Peter Novecosky, OSB
Looking to a new future
The bishops of Saskatchewan have issued a call to the Catholic faithful of the province to look to a new future in their relationship with Aboriginal communities.
The occasion for issuing this invitation is the June 21-24 gathering of the Truth and Reconciliation Commission (TRC) being held in Saskatoon. It is one of the last of seven such national gatherings across Canada.
The TRC meetings were initiated by the Canadian government as an effort to put on record what happened at Indian residential schools. These schools were part of the federal government’s policy of cultural assimilation of Aboriginal people, beginning in the 1840s. They were founded to kill the Indian in the child. The churches managed many of these schools. The last residential school closed in 1996.
The schools were part of a larger government policy that included many unfulfilled treaties, millions of acres of crown land, 640 reserves across Canada and the Indian Act.
“As the Catholic Church in Saskatchewan, we were involved in the residential schools and we recognize a moral responsibility and obligation to be involved in healing and reconciliation efforts,” say the five bishops who signed the letter. The bishops, while acknowledging that many people worked at the residential schools “with goodwill and generosity,” apologize for the abuses that took place at the schools. They also apologize for the part the church played in helping to suppress the culture and language of the First Nations and Métis peoples.
Gerry Kelly, who is co-ordinating the Catholic response to the TRC for 54 separate Catholic entities from his office in Ottawa, points out that getting Canadians to own up to a terrible history isn’t just a political problem. It’s a problem in the church, and the awareness of the problem “is very thin within the Catholic community.”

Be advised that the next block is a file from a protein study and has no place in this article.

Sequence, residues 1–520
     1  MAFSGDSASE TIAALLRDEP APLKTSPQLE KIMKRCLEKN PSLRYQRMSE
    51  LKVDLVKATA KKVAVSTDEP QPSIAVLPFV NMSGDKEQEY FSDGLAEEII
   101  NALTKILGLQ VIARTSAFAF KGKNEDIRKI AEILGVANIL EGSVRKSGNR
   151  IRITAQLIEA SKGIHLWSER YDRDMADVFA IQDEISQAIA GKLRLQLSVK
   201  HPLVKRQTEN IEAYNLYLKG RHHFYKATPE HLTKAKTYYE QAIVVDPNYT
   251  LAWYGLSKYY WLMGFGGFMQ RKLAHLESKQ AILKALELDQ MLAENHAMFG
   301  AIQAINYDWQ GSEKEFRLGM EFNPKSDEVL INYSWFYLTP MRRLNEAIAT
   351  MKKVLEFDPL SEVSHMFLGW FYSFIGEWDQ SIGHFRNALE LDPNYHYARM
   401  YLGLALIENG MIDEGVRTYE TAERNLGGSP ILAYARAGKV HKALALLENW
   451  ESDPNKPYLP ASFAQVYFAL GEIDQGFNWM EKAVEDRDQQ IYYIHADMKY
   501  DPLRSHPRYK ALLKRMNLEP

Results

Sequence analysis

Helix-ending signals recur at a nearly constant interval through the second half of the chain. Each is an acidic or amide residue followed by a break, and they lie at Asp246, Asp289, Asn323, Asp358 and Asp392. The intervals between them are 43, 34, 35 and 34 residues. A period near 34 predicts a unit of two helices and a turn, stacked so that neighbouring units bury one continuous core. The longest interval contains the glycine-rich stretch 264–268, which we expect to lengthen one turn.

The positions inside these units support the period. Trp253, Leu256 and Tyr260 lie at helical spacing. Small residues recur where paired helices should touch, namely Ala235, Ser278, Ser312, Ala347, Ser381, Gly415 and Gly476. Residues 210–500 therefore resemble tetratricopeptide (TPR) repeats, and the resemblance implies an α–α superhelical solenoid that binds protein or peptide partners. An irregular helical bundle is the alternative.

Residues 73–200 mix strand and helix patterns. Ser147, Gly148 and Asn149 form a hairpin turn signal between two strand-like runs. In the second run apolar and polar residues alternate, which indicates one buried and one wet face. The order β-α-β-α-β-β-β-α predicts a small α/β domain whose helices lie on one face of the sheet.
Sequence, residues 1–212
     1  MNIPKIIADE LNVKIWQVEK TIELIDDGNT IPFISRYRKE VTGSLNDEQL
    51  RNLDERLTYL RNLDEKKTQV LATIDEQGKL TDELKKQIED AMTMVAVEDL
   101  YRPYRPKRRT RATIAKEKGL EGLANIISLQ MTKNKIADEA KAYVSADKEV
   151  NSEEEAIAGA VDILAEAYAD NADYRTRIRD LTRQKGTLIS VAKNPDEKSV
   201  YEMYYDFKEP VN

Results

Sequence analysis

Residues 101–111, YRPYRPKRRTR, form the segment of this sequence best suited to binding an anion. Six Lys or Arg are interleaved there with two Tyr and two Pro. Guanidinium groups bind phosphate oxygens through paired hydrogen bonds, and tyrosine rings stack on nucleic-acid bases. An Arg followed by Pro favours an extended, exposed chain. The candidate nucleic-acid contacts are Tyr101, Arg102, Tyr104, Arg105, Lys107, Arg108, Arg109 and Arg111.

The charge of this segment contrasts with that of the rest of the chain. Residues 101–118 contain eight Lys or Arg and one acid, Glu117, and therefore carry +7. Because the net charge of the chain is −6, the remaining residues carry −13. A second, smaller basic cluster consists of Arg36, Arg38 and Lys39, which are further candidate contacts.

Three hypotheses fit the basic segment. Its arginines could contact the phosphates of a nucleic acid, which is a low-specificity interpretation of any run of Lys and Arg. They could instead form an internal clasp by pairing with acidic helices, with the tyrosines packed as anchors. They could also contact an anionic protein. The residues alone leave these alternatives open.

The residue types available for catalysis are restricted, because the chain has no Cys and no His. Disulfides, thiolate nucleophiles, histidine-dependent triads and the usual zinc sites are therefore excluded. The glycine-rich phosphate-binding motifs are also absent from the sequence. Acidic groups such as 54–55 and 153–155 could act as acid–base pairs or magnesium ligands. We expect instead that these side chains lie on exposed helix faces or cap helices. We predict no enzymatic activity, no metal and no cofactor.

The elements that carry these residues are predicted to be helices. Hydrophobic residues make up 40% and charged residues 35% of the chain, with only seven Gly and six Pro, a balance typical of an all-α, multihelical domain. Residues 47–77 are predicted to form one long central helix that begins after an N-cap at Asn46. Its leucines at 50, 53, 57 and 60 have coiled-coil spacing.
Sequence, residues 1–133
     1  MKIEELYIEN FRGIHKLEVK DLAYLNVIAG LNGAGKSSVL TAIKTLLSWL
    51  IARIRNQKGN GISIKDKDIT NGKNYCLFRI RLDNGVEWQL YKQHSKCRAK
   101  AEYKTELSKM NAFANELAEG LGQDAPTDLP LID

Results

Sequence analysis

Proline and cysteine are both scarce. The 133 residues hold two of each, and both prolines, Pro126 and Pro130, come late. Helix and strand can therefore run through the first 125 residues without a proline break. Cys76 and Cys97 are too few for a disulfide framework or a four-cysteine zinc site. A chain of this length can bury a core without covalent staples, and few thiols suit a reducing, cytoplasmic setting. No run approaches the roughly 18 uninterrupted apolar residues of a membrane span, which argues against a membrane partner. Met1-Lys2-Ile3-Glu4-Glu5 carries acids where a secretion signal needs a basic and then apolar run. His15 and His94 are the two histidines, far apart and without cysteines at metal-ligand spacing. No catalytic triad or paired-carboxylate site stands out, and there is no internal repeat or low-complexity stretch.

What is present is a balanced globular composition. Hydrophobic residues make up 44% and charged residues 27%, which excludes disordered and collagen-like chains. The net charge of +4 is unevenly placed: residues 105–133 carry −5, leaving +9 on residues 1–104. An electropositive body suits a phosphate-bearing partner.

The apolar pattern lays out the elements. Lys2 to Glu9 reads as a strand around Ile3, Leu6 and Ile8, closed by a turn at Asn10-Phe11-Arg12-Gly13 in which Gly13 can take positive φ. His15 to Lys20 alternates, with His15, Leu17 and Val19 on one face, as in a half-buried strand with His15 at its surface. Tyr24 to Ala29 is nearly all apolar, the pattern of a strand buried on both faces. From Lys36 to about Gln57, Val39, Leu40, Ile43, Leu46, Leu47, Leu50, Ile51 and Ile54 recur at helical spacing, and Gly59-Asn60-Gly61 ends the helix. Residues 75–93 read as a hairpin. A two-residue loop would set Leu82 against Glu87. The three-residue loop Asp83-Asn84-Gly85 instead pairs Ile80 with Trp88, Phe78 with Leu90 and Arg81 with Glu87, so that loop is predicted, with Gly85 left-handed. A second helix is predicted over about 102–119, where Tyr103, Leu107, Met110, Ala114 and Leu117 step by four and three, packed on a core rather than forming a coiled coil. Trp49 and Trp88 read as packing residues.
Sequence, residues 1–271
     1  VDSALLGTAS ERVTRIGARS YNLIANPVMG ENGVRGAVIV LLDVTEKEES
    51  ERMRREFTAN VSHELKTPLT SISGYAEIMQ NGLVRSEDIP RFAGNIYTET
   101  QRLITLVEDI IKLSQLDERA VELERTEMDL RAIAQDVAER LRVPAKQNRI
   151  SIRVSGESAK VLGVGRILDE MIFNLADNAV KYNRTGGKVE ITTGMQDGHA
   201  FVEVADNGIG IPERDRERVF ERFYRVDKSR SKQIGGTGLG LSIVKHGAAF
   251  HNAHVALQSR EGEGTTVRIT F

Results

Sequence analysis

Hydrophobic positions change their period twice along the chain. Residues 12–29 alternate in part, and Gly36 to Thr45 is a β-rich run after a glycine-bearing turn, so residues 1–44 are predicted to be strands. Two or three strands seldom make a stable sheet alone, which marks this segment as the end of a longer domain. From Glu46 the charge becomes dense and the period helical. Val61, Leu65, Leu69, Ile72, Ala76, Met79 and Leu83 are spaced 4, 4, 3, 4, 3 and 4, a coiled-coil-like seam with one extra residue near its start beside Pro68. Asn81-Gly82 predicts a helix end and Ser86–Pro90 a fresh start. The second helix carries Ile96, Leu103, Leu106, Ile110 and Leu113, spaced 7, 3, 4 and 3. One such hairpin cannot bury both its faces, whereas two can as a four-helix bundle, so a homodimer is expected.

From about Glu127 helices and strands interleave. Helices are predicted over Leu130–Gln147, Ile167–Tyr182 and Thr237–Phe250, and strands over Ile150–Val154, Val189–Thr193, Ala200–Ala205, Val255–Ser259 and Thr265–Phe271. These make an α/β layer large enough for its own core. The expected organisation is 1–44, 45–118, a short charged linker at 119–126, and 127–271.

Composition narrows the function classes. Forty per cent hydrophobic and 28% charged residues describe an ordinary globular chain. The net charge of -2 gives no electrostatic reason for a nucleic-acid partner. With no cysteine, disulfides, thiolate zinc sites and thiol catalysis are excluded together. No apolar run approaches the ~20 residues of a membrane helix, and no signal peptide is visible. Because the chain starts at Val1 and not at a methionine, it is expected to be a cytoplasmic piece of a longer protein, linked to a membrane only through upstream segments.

He noted that when a religious order or a bishop issues an apology, it seems rather remote from parish life. It’s something that happens at the clerical level, he said. “Because of the clericalism, Catholics have a hard time owning this,” he told a Meeting Place workshop on How Can Churches Talk on Reconciliation.
Besides what happens at the official and clerical levels, what is also important is what happens on coffee row and gossiping across the back fence among neighbours. It is here that prejudices are nurtured and passed on and where the gulf between cultures can be kept alive. Unfavourable incidents can be taken out of context and amplified.
“The Gospel we proclaim calls us to actively address the legacy of the assimilation policies and the larger cluster of issues relating to colonialism, racism and prejudice, and the rupture with traditional Aboriginal ways of life,” the Saskatchewan bishops write. “These are not ‘Aboriginal issues’ but issues for all of us. This is about our communities, our province, our church.”
The bishops hope that the TRC can become a turning point after which Catholics can “walk closely with our Catholic Aboriginal brothers and sisters” and that it will “open doors” for them to walk together with Aboriginal communities as a whole and to advocate for justice and healing in our society.
One of the most successful programs of healing is Returning to Spirit. Developed by Marc Pizandawatc, an Algonquin man, and Sister Anne Thomson, SSA, Returning to Spirit involves a process of self-discovery, recognizing false patterns and beliefs and then consciously and concretely shifting thinking and behaviours. Participants are empowered to move beyond these patterns to create a future based on choice rather than reaction. Participants say the program helps them develop a deeper sense of who they are and what they are capable of doing. It brings a sense of hope in the newfound ability to move forward.
The bishops of Saskatchewan encourage Catholics to attend the TRC event in Saskatoon, to learn about our past, and to equip us to be “artisans of healing and reconciliation.”